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This helped contestants to lose weight in a healthier and safer way than some previous exercise routines on earlier seasons.
Because the show is a contest that involves eliminations from it, some contestants are encouraged to take risks that endanger their health. Benson, the winner of the program’s first season, publicly admitted that "he dropped some of the weight by fasting and dehydrating himself to the point that he was urinating blood".
Those sent home early compete for a smaller prize while those on the show compete for a larger prize and the title of "The Biggest Loser". Some episodes have been aired in a shortened one-hour format to accommodate adjacent network programming such as The Voice"I’m waiting for the first person to have a heart attack.
I have had some patients who want to [follow the show's regimen], and I counsel them against it. They are taking poor people who have severe weight problems whose real focus is trying to win the quarter-million dollars.""Simply put, the Biggest Loser provides viewers with a completely inaccurate picture of what you must do to lose weight and live healthy.
Some episodes feature a second, "red line"; if a contestant falls below the red line the contestant is automatically off the show with no vote.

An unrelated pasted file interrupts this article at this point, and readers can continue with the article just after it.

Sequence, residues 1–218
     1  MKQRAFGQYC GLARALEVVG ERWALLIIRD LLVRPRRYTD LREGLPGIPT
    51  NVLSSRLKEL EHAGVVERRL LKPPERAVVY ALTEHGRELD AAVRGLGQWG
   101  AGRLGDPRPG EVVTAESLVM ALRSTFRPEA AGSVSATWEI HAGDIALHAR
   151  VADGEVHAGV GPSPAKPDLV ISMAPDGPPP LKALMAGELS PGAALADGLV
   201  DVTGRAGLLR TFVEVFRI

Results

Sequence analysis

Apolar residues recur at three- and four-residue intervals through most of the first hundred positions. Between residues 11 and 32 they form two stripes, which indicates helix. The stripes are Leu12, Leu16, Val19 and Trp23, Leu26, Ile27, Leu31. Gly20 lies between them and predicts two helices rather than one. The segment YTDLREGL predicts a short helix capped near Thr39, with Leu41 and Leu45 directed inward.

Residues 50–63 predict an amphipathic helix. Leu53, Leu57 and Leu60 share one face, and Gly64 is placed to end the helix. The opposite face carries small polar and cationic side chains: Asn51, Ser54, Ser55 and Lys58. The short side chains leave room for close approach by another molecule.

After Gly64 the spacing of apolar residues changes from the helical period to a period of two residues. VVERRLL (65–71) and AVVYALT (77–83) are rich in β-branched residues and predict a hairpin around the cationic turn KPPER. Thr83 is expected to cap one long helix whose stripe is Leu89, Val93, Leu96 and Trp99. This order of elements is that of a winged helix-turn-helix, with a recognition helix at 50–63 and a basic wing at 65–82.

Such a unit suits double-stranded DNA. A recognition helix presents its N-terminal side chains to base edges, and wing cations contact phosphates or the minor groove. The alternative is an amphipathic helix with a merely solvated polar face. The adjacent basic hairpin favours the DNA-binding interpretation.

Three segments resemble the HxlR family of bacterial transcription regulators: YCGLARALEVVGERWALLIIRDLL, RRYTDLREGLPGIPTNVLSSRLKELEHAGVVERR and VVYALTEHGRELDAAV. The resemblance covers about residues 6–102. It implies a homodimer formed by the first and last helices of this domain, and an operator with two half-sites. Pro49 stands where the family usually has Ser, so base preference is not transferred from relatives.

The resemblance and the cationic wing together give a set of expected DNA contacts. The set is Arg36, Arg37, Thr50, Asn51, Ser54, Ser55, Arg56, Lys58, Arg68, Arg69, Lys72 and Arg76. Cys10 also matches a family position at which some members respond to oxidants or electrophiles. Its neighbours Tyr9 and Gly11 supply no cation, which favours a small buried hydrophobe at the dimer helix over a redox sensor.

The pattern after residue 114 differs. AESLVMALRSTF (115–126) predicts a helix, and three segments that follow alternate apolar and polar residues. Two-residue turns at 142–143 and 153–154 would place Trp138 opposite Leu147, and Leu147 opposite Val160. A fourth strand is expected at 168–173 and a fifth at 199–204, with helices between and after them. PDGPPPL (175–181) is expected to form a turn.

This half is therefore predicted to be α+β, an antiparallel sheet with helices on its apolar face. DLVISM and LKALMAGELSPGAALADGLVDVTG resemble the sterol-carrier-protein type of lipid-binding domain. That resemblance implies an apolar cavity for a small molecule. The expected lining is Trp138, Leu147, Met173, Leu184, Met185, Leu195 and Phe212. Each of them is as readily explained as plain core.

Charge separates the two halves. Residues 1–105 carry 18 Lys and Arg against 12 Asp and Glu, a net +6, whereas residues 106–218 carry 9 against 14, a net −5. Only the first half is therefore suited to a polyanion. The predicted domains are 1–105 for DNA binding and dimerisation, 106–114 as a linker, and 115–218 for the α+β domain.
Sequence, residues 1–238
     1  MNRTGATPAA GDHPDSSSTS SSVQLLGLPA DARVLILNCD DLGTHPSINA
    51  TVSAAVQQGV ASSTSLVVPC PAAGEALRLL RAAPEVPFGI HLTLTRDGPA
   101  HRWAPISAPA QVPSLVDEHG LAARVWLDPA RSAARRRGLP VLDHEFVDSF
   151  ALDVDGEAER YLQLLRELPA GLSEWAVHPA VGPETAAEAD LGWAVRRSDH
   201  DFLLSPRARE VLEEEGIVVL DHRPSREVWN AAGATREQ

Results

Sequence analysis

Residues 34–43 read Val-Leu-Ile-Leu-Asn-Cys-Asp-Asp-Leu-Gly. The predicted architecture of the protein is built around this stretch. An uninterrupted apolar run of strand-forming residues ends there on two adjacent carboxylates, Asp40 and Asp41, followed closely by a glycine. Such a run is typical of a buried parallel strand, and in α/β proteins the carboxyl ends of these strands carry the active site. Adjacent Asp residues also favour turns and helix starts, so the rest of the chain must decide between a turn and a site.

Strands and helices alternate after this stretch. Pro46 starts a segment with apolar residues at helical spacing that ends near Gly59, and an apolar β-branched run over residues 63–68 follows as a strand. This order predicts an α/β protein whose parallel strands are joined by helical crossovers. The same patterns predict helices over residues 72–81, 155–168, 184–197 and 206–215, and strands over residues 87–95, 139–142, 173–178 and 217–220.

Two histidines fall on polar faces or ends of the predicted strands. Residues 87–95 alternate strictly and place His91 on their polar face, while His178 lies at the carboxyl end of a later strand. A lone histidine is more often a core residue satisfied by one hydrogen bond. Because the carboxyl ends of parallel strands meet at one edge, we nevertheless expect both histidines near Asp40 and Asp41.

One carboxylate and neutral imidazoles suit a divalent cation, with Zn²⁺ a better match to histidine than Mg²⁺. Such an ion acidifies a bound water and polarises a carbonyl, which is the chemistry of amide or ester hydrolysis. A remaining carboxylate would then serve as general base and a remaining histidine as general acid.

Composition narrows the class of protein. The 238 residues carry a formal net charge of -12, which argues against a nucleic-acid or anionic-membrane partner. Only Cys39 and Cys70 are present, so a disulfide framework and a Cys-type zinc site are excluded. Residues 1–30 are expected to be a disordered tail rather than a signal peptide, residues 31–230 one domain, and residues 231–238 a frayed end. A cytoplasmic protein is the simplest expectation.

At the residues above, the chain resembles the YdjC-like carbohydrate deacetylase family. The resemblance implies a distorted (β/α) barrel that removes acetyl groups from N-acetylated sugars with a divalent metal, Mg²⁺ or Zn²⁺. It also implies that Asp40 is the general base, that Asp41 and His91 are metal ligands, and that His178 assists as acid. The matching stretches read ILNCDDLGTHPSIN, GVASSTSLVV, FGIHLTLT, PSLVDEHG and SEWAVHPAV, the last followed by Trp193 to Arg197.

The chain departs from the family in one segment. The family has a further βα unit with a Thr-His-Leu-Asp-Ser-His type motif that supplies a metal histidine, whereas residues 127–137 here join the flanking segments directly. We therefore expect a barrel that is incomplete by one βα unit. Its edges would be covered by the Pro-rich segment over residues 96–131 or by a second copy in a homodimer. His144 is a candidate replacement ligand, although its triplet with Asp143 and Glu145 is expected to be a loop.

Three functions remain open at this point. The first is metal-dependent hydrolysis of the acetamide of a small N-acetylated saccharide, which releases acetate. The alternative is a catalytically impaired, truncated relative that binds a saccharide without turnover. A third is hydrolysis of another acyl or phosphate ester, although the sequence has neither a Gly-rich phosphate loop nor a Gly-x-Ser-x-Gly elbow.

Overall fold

Other episodes allow for the contestants, if successfully meeting a goal at the weigh-in, to all receive immunity for the week.
So while researchers did find a correlation between that rate, on average, with members of the Registry, all this correlation can mean—if there is any causal correlation at all (there is no control group) -- is that it is more likely, on average, for someone to be successful at losing a large amount of weight, and more successful at maintaining that weight loss.
It takes an overly extreme course of action on an important, but far less effective and achievable way to attain good form and better health.""Risks aside, weight-loss experts say that the biggest problem with the Biggest Loser is that extreme methods of dropping pounds are less likely to work in the long run.
Several former Biggest Loser contestants have regained some or all of the weight." Contestants on the show lose upwards of 10 pounds per week (in the very first week, some contestants have lost 20–30 pounds in that one week alone), whereas the established medical guidelines for safe weight loss are between 1 and 2 pounds per week.
Those who win a particular challenge are given special privileges, such as a weight advantage for the next weigh-in or even full immunity from being voted off the show.
Each week culminates in another weigh-in to determine which team has lost the most weight for that week, in percentage of total weight lost.